News National Pressure mounts on PM to discipline government MPs peddling far-right conspiracy claims
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Pressure mounts on PM to discipline government MPs peddling far-right conspiracy claims

Liberal MP Craig Kelly is notorious for spreading conspiracy theories online. Photo: Getty
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There is growing pressure on Prime Minister Scott Morrison to discipline members of his government for spreading far-right conspiracy theories about the US Capitol building insurrection.

On Thursday, the PM’s office refused to answer The New Daily‘s questions over whether Mr Morrison would sack Liberal MP Craig Kelly as chair of a powerful parliamentary committee in response to his online spreading of misinformation.

Just hours after rioters breached the Capitol building on Wednesday, Mr Kelly took to Facebook to promote the conspiracy theory that anti-fascists – not Trump supporters, as was the reality – were behind the riots.

Trump supporters stormed the US Capitol building this week. Photo: AAP

“Neo-Fascists and Marxists engaged in a highly co-ordinated ‘false flag’ operation, by infiltrating the protest and invading the Parliament so the world’s media would falsely blame and discredit Trump supporters,” he wrote.

Mr Kelly is chair of federal parliament’s joint committee on law enforcement, which among other things has the power to request changes to how the Australian Federal Police operates.

He has built a loyal following on social media peddling conspiracy theories including that climate change is not real and that hydroxychloroquine can cure COVID-19.

Labor leader Anthony Albanese slammed Mr Kelly’s behaviour as “reprehensible”.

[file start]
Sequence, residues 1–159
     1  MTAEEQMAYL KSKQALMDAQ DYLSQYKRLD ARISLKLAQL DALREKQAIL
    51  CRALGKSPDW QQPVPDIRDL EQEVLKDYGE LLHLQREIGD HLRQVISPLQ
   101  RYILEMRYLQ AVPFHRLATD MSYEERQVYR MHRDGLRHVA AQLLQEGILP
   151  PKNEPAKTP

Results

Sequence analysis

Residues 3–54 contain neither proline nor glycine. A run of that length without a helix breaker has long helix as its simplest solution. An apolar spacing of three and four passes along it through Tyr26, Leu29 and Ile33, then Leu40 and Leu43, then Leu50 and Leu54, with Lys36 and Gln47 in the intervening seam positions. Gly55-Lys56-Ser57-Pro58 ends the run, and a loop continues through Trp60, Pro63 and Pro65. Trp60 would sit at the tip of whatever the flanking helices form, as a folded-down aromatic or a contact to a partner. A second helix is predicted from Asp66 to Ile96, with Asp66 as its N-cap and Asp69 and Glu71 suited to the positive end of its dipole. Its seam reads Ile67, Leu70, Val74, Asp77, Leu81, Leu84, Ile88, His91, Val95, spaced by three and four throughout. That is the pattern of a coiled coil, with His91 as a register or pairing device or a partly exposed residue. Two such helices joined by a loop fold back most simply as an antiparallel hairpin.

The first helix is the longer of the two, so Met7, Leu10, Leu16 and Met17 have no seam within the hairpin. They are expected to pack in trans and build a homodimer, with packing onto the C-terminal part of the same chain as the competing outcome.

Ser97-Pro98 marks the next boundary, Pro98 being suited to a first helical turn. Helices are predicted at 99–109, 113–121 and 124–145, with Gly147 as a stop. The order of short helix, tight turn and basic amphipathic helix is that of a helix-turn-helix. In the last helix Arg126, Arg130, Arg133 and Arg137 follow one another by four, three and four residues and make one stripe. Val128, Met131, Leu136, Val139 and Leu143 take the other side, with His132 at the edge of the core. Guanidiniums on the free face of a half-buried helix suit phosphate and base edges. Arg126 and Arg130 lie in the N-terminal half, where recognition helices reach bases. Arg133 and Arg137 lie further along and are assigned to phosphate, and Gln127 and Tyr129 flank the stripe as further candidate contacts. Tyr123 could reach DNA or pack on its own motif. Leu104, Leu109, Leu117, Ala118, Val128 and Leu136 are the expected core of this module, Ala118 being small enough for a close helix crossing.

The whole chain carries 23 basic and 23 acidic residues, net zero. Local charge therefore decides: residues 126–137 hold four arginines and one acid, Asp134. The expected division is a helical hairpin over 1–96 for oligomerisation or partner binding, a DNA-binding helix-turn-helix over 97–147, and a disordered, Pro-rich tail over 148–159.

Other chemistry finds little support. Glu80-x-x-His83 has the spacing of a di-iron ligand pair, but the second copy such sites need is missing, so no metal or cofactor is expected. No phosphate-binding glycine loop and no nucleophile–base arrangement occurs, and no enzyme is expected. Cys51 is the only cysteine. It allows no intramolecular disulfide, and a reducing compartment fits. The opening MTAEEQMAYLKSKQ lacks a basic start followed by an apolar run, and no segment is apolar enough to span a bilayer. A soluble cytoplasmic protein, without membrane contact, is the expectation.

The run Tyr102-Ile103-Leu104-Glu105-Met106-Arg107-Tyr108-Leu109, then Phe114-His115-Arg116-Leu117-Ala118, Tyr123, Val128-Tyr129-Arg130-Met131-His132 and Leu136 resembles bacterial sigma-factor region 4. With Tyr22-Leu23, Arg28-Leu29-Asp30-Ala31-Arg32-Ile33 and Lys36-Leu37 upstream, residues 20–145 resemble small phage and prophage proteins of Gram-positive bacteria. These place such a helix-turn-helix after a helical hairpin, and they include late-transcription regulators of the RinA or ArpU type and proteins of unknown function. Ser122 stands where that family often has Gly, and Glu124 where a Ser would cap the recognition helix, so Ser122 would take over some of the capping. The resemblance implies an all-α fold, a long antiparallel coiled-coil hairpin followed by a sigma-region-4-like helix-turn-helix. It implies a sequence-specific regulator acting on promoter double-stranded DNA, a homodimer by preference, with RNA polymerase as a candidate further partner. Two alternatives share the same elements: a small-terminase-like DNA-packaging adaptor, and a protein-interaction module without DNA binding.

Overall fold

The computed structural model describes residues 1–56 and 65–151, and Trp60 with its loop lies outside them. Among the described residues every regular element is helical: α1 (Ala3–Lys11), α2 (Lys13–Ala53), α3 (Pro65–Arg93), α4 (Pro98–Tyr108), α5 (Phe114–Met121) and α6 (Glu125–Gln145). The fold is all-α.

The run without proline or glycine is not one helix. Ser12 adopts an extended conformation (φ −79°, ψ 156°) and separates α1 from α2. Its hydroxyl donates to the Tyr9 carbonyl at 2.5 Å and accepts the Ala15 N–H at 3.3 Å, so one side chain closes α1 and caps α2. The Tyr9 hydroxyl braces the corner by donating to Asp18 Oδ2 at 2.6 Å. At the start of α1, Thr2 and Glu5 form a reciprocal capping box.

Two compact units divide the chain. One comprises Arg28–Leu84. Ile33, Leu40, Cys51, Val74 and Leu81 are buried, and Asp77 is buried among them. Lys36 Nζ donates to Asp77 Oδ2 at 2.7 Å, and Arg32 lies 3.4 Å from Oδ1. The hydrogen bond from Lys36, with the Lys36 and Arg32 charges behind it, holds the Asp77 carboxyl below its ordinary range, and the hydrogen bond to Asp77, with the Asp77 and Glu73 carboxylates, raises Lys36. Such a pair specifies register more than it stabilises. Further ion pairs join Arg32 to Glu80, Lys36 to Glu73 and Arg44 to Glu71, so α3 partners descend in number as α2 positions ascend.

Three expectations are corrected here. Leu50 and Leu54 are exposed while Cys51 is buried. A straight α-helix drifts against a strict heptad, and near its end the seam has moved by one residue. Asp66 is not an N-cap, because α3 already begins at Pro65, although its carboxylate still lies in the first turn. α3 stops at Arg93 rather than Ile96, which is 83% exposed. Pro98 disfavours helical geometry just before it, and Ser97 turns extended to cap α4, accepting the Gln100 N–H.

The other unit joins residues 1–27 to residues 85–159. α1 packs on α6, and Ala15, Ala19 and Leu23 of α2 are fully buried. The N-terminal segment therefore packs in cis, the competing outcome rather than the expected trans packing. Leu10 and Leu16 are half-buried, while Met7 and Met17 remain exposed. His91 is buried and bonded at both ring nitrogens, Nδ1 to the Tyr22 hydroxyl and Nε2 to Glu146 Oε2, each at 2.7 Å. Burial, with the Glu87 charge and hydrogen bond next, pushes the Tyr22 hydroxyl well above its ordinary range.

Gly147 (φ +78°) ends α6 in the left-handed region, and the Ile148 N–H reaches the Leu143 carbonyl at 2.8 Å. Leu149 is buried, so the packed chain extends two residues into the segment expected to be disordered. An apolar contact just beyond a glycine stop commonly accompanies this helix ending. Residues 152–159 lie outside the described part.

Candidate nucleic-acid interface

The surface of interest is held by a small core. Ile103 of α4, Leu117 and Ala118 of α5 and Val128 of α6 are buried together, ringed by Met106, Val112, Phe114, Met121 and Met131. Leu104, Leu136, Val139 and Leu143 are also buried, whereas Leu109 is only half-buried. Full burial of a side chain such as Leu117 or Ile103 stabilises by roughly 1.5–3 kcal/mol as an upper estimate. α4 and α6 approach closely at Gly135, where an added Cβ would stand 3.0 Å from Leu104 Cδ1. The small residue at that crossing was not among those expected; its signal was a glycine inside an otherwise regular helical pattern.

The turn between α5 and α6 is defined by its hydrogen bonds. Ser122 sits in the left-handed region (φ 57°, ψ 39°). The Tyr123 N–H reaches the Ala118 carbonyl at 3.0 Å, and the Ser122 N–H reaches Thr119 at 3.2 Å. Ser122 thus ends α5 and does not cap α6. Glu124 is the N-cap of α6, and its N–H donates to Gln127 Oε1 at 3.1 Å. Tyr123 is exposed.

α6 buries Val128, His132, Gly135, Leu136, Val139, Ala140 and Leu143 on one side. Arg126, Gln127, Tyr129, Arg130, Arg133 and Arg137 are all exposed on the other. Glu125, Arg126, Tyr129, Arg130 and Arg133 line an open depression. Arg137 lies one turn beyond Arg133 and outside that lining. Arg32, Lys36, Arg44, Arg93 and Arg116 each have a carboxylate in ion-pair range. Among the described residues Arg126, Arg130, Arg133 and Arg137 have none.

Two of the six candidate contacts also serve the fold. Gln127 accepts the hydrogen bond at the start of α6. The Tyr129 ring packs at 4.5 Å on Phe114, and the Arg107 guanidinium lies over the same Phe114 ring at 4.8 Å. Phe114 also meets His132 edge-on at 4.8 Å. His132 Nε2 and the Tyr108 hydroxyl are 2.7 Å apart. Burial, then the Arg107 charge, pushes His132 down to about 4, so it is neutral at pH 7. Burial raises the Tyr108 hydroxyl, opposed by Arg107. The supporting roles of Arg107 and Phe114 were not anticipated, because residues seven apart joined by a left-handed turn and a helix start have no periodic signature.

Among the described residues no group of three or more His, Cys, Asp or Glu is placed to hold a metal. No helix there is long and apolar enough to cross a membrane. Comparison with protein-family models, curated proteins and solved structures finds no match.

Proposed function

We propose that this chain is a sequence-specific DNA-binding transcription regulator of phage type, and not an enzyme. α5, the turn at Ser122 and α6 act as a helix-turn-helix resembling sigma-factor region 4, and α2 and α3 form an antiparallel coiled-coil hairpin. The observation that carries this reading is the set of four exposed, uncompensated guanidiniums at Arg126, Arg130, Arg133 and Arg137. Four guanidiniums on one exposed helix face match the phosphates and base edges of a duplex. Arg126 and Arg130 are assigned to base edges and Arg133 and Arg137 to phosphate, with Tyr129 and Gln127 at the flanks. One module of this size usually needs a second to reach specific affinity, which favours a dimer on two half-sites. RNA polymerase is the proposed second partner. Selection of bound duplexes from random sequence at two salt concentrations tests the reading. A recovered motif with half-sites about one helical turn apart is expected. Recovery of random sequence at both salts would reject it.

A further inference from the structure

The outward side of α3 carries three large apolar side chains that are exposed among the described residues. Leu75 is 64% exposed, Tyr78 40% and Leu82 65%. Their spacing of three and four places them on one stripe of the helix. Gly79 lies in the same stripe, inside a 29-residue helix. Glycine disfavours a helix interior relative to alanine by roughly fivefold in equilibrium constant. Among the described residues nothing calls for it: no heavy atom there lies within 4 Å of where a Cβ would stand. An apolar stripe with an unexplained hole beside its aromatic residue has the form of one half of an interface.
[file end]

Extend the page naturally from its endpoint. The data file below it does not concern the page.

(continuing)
“The idea that a member of the Australian Parliament seeks to legitimise what was an insurrection on the floor of the Capitol Building of the United States, an important symbol of not just democracy in the United States but global democracy, is reprehensible,” he said on Friday.

“Craig Kelly has promoted conspiracy theories about the coronavirus, peddling dangerous comments about that and advice that it’s all a conspiracy, and now we have him justifying and seeking to make excuses for [the Capitol riots], and indeed just making comments that are just beyond belief.”

Speaking to reporters on Thursday, Mr Morrison refused to condemn his MPs’ posts saying Australia “was a free country” before ending the press conference.

“You know, Australia is a free country. There’s such a thing as freedom of speech in this country and that will continue,” he said.

Conspiracy theories run wild in Coalition ranks

A number of Coalition MPs, including Mr Kelly and Nationals MP George Christensen, have been spreading false claims about the United States election since November.

Mr Christensen took to Facebook during this week’s insurrection to declare that the November election was stolen from Mr Trump.

George Christensen (left) believes that Trump won the November election.

“It is a dumpster fire at the moment … all because no one dared audit the vote,” he wrote.

Victorian Liberal frontbencher Bernie Finn has also published pro-Trump conspiracy theories on Facebook, claiming the United States’ President had been “improperly” removed from office and sharing a quote from former US president Ronald Reagan that calls on citizens to fight for freedom.

In a move that was out of step with other world leaders, Mr Morrison also refused to condemn Mr Trump for the violence that occurred at the Capitol building.

Scott Morrison is out of step with other world leaders, who blamed Mr Trump for the insurrection. Photo: AAP

Both conservative leaders Chancellor Angela Merkel of Germany and Prime Minister Boris Johnson of the United Kingdom have publicly laid the blame for the violence, which left five dead, at the feet of Mr Trump.

Speaking at a press conference in London on Thursday Mr Johnson said: “Insofar as he encouraged people to storm the Capitol, and insofar as the president consistently has cast doubt on the outcome of a free and fair election, I believe that that was completely wrong.”

Daniel Angus, a misinformation expert at the Queensland University of Technology, said the posts may have seemed “fringe” but they were “dangerous”.

“You can’t just walk past it. You can’t ignore it,” Dr Angus said.

The issue is that fringe views can move into the mainstream if they are allowed to fester, he explained.

“It softens the ground by being out there and unchallenged,” Dr Angus said.

“We’re talking about elected representatives in our highest offices who are able to peddle complete fabrication of reality and do so unchallenged by leaders of their party.”

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